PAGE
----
“We’re working on interventions that really emphasize associating pleasure with condom use,” said Yarber, a member of the KI-CURT team.

Heterosexual IU couples between the ages of 18-24 were recruited to participate in the intervention over the university’s spring break. For a stipend of $60 worth of gift cards and condoms, 27 couples were selected to complete a titillating series of homework assignments. Over the course of four weeks, they will describe their experience using ten different lubricants and condoms.

Yarber was surprised he had to turn away disappointed couples interested in participating in the study. “It just shows that younger people want to protect themselves, but they don’t know much about the topic and the issue.”

A major factor deterring condom use is the idea that it’s linked with decreased pleasure. “I don’t feel the difference,” Amaranth said, but she understands why men feel uncomfortable.

Interestingly, research from KI-CURT found that nearly 35 percent of heterosexual couples actually used condoms to maximize pleasure. “It increases satisfaction because they don’t have to worry about risk as much,” Yarber explained. “They can feel more relaxed and expressive and not have to be concerned about pregnancies or STIs.”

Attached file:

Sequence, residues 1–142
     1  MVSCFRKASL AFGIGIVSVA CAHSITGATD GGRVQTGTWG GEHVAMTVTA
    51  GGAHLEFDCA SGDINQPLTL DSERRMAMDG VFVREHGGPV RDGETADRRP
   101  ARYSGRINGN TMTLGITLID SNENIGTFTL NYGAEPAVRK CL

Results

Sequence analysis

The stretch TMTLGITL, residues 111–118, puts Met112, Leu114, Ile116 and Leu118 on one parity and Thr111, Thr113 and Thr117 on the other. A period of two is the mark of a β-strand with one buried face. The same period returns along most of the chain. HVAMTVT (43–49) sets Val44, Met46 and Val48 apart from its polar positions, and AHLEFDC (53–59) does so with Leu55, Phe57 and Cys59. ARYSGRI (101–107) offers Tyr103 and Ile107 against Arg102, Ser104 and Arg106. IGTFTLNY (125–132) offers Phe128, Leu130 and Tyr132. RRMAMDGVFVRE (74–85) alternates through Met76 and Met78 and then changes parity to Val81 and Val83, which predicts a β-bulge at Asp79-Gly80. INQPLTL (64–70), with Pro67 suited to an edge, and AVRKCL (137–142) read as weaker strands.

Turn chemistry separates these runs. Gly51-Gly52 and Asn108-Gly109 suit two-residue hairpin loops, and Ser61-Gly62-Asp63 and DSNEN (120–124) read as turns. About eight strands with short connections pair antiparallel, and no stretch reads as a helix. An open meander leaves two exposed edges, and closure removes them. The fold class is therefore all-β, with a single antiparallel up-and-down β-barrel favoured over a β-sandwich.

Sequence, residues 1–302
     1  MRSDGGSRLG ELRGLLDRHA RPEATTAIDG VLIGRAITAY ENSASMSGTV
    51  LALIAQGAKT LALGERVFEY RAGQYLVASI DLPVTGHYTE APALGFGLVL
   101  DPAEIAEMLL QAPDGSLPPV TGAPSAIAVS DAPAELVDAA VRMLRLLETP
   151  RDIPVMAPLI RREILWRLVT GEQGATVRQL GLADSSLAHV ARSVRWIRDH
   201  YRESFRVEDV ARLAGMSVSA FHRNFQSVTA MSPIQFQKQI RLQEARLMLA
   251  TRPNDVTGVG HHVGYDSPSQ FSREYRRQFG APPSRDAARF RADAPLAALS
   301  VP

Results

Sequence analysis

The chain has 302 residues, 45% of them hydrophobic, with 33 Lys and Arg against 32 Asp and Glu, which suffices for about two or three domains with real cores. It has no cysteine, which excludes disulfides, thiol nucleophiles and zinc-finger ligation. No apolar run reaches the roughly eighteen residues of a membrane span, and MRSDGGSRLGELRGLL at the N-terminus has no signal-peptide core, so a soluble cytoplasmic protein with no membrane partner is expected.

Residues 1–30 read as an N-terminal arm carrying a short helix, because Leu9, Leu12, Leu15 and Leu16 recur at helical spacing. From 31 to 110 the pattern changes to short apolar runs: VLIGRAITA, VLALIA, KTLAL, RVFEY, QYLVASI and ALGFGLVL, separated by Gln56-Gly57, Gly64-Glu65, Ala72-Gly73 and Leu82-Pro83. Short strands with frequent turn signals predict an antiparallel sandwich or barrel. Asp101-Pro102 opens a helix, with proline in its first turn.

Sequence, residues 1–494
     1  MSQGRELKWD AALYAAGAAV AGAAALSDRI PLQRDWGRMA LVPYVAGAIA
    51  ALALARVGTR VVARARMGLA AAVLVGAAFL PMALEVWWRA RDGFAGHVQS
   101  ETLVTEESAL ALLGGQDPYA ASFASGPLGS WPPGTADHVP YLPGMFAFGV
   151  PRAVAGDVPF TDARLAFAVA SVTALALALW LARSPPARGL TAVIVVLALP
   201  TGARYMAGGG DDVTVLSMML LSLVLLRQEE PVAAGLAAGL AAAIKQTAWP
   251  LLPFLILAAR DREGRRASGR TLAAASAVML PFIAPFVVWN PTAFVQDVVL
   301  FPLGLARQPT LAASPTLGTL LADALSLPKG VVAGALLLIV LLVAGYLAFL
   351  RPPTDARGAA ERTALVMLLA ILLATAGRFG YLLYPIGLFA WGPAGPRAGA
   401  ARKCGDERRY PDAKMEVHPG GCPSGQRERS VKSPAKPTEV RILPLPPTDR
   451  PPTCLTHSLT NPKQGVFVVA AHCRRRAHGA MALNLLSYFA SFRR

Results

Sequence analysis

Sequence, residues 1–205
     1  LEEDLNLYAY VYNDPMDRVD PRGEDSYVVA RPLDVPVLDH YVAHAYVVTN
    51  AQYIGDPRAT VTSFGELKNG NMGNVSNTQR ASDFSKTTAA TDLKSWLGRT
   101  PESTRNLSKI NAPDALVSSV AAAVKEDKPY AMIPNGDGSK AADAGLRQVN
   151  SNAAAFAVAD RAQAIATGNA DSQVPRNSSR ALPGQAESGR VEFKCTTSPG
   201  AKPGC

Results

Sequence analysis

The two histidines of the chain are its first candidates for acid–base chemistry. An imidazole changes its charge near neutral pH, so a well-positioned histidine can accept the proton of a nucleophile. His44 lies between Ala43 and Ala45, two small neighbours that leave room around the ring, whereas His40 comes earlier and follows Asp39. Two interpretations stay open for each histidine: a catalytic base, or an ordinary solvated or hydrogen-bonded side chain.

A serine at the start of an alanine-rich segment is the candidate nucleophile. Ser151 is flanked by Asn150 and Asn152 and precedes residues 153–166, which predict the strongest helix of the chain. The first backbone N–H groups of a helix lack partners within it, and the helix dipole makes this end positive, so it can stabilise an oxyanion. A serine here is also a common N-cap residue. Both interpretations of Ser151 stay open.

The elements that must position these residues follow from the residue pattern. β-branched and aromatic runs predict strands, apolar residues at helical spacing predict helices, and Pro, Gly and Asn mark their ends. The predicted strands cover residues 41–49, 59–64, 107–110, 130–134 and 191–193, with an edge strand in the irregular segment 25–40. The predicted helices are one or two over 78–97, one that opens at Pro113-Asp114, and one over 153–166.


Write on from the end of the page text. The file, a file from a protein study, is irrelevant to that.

Following the success of the first intervention for males, called Homework Intervention Strategy (HIS), KI-CURT carried out a second program for females, called HERS. Women were given a variety of condoms and lubricants to experiment with at home using their fingers or a dildo.

Both men and women were surprised by the plethora of condoms available and realized they liked some better than others. Yarber says that even when contraceptive use is taught in high schools, students don’t always pay attention.